Grade-level reading is achievable with policies and practices that reflect reading is a cumulative process that develops from birth and is rooted in early brain development. Child development is a dynamic, interactive process that is not predetermined. It occurs in the context of relationships, experiences and environments. Harvard University neuroscientist Jack Shonkoff puts it this way, “brains are built not born.”
To build a strong foundation for learning, third grade reading and life success, children need health and development on track beginning at birth, supported and supportive families and communities and high quality birth-to-eight learning and education.
Why Birth to 8?
The most rapid period of development in human life occurs from birth to age eight. What happens in these first eight years sets the foundation for all of the years that follow.
Child development is a dynamic, interactive process that is not predetermined. It occurs in the context of relationships, experiences and environments. Harvard University neuroscientist Jack Shonkoff puts it this way, “brains are built not born.”
What does he mean? The brain is one of the only organs not fully developed at birth. Most of the cells are there, but the connections – the wiring that forms the architecture – is not. These connections develop in early childhood. Experiences and environment determine which connections get used more and therefore, strengthened. Those that are used less fade. A child’s interactions with the world determine how these connections (wiring) are formed, providing either a strong or weak foundation for future health and learning.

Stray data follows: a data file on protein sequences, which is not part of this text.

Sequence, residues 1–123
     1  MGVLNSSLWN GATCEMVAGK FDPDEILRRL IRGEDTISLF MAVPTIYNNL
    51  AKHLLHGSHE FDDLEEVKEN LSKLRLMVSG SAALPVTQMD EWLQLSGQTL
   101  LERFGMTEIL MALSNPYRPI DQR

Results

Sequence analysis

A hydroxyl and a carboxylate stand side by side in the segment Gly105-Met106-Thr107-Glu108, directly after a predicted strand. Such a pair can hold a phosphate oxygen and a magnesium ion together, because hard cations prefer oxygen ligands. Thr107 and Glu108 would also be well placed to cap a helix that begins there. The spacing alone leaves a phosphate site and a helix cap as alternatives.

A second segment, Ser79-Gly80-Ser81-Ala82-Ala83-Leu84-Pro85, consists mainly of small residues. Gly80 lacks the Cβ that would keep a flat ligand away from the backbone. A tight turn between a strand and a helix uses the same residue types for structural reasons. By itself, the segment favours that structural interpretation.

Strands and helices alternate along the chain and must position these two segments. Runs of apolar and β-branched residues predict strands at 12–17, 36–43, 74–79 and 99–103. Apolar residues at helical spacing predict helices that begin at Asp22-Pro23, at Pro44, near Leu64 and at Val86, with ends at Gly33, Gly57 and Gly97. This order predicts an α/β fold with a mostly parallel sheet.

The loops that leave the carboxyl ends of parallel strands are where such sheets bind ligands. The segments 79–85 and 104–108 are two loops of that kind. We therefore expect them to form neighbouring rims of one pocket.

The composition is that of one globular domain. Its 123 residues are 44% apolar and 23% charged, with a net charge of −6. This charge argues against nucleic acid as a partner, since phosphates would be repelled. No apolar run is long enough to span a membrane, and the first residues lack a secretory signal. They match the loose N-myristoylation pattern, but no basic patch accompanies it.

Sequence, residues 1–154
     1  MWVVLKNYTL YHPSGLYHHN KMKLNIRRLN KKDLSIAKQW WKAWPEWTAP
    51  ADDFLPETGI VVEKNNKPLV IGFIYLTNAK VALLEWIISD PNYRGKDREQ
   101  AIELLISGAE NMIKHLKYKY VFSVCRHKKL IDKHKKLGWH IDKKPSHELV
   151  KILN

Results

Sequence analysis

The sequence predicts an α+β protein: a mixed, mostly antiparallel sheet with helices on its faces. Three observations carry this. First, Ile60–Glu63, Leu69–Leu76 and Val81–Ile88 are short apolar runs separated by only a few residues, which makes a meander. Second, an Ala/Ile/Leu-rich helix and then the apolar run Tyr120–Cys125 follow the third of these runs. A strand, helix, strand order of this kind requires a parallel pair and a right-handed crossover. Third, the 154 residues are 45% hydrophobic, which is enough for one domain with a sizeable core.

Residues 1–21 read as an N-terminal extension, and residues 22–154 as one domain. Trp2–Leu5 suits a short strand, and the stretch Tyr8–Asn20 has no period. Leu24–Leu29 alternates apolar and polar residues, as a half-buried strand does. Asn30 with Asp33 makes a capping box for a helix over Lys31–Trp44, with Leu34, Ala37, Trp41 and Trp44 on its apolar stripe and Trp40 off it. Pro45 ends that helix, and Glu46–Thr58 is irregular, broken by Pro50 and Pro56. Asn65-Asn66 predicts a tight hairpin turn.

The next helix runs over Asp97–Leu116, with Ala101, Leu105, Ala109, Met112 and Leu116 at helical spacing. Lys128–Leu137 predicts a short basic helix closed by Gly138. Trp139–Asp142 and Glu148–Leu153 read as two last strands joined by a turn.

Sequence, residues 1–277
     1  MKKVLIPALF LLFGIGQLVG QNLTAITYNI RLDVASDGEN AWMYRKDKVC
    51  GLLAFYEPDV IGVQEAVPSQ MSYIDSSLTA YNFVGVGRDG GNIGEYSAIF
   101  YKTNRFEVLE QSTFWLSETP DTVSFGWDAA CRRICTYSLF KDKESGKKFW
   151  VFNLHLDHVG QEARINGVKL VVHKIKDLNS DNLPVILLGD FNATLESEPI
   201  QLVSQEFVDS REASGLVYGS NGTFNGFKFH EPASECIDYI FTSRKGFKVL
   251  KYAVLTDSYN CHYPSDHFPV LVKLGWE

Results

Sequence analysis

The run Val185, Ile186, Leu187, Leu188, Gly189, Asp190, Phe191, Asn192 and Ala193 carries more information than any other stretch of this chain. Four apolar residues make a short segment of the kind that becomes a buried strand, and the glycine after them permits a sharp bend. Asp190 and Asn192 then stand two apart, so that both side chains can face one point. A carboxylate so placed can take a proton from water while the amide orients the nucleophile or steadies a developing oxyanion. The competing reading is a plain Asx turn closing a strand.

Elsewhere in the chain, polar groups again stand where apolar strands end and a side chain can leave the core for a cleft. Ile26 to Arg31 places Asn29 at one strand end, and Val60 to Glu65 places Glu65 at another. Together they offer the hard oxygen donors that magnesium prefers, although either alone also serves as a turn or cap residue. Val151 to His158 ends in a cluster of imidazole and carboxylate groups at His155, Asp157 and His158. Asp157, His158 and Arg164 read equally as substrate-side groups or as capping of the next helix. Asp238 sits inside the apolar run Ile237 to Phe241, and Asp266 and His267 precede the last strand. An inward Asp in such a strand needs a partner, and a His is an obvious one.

Third grade has become a focal point because it is when children go from “learning to read” to “reading to learn.” Research has shown that that transition is so important that end of third grade outcomes can predict academic achievement and career success.
For optimal development and a strong foundation, children need good health, supportive and supported families and communities, and high quality early learning and school experiences.
A Strong Track Record of Innovation and Success
North Carolina has a proud history of innovation and success. We have much to be proud of when it comes to educating young children. We were the first state to make full-day kindergarten universally available. We created the T.E.A.C.H. project, which is now a national model to provide early educators with scholarships to obtain higher levels of education.
We pioneered the nation’s first comprehensive early childhood initiative, Smart Start, to improve the quality of child care, provide access to health screenings and offer support to families. We launched NC PreK (formerly More at Four) to provide at-risk children with high quality learning environments.
At every level, local citizens, county policymakers, state leaders, organizations and many others have taken bold action in unprecedented ways. As a result, more of our children are in high quality child care, our prekindergarten program is among the best in the country, we have the highest rate of developmental screenings in the nation and we reduced our early grade retention rate by a third in the past decade.
It’s a track record to be proud of . . . and to build on.